Michael Jordan Early Life in NBA Career

Jordan was born in Brooklyn, New York, to Deloris (née Peoples), who worked in banking, and James R. Jordan Sr., an equipment supervisor. His jordan jerseys for cheap family moved to Wilmington, North Carolina, when he was a toddler.

Jordan is the fourth of five children. He has two older brothers, Larry Jordan and James R. Jordan, Jr., one older sister, Deloris, and one younger sister, Roslyn. Jordan’s brother James retired in 2006 as the Command Sergeant Major of the 35th Signal Brigade of the XVIII Airborne Corps in the U.S. Army.

Jordan attended Emsley A. Laney High School in Wilmington, where he highlighted his athletic career by playing basketball michael jordan jerseys for sale, baseball, and football. He tried out for the varsity basketball team during his sophomore year, but at 5’11” (1.80 m), he was deemed too short to play at that level. His taller friend, Harvest Leroy Smith, was the only sophomore to make the team.

Motivated to prove his worth, Jordan became the star of Laney’s junior varsity squad, and tallied several 40-point games. The following summer, he grew four inches (10 cm) and trained rigorously. Upon earning a spot on the varsity roster, Jordan averaged about 20 points per game over his final two seasons of high school play. As a senior, he was selected to the McDonald’s All-American Team after averaging a triple-double: 29.2 points, 11.6 rebounds, and 10.1 assists.

Jordan was recruited by numerous college basketball programs, including Duke, North Carolina, South Carolina, Syracuse, and Virginia. In 1981, Jordan accepted a basketball scholarship to North Carolina, where he majored in cultural geography.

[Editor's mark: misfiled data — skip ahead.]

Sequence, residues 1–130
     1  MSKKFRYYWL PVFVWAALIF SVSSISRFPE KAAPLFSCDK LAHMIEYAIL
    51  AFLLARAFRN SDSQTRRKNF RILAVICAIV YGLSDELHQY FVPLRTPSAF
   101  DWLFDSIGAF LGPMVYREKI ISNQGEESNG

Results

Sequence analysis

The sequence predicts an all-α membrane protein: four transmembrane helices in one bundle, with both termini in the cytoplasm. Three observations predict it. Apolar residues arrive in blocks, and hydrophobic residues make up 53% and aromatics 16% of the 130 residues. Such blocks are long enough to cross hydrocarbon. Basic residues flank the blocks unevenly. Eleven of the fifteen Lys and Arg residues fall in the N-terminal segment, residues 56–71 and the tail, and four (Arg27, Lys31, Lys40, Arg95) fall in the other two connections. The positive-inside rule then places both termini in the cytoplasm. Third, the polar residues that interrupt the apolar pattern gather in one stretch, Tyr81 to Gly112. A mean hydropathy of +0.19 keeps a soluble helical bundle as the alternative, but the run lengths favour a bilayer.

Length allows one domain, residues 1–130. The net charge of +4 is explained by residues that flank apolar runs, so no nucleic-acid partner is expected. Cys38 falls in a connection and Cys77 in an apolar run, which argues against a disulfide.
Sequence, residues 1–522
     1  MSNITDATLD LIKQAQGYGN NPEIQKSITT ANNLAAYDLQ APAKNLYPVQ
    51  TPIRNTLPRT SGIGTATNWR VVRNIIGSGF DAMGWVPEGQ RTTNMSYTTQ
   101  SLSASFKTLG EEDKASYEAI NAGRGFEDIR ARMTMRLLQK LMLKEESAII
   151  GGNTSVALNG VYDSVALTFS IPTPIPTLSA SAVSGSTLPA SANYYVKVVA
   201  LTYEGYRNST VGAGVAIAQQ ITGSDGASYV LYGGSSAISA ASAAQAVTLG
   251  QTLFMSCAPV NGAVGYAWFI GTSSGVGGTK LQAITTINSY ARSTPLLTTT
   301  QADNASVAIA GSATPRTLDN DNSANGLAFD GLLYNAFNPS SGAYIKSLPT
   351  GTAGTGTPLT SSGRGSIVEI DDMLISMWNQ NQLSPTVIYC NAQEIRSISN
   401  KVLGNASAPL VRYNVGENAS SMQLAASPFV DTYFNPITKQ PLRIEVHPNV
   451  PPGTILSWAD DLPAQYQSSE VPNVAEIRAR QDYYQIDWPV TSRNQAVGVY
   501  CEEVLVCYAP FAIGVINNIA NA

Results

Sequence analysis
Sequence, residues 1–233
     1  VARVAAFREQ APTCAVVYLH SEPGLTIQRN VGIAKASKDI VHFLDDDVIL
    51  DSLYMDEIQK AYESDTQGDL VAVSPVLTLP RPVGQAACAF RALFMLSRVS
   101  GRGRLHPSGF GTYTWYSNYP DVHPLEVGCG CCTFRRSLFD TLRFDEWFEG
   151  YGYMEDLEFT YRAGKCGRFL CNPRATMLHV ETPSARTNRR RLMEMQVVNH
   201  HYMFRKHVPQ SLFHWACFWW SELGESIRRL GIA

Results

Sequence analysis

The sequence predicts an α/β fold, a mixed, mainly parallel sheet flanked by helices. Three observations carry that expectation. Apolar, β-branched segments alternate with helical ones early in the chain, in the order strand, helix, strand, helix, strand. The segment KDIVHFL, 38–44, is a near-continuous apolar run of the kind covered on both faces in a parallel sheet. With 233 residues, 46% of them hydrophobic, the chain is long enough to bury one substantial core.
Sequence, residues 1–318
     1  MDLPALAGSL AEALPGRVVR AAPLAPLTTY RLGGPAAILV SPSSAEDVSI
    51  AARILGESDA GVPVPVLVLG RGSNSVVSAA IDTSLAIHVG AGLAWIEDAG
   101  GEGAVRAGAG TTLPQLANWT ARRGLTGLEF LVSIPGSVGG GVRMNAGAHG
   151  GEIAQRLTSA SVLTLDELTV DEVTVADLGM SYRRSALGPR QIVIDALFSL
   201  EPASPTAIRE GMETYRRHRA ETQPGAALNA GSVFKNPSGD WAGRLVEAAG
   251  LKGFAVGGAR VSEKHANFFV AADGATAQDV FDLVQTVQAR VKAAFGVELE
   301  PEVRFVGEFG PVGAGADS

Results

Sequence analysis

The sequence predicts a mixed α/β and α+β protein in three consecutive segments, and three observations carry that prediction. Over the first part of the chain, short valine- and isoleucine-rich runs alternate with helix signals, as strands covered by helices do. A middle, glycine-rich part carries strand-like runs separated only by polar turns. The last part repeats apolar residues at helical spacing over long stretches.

As a freshman in coach Dean Smith’s team-oriented system, he was named ACC Freshman of the Year after he averaged 13.4 points per game (ppg) on 53.4% shooting (field goal percentage). He made the game-winning jump shot in the 1982 NCAA Championship game against Georgetown, which was led by future NBA rival Patrick Ewing. Jordan later described this shot as the major turning point in his basketball career. During his three seasons at North Carolina, he averaged 17.7 ppg on 54.0% shooting, and added 5.0 rebounds per game (rpg). He was selected by consensus to the NCAA All-American First Team in both his sophomore (1983) and junior (1984) seasons. After winning the Naismith and the Wooden College Player of the Year awards in 1984, Jordan left North Carolina one year before his scheduled graduation to enter the 1984 NBA draft. The Chicago Bulls selected Jordan with the third overall pick, after Hakeem Olajuwon (Houston Rockets) and Sam Bowie (Portland Trail Blazers). One of the primary reasons why Jordan was not drafted sooner was because the first two teams were in need of a center. However, Trail Blazers general manager Stu Inman contended that it was not a matter of drafting a center, but more a matter of taking Sam Bowie over Jordan, in part because Portland already had Clyde Drexler, who was a guard with similar skills to Jordan. ESPN, citing Bowie’s injury-laden college career jordan 23 jerseys number, named the Blazers’ choice of Bowie as the worst draft pick in North American professional sports history. Jordan returned to North Carolina to complete his degree in 1986.

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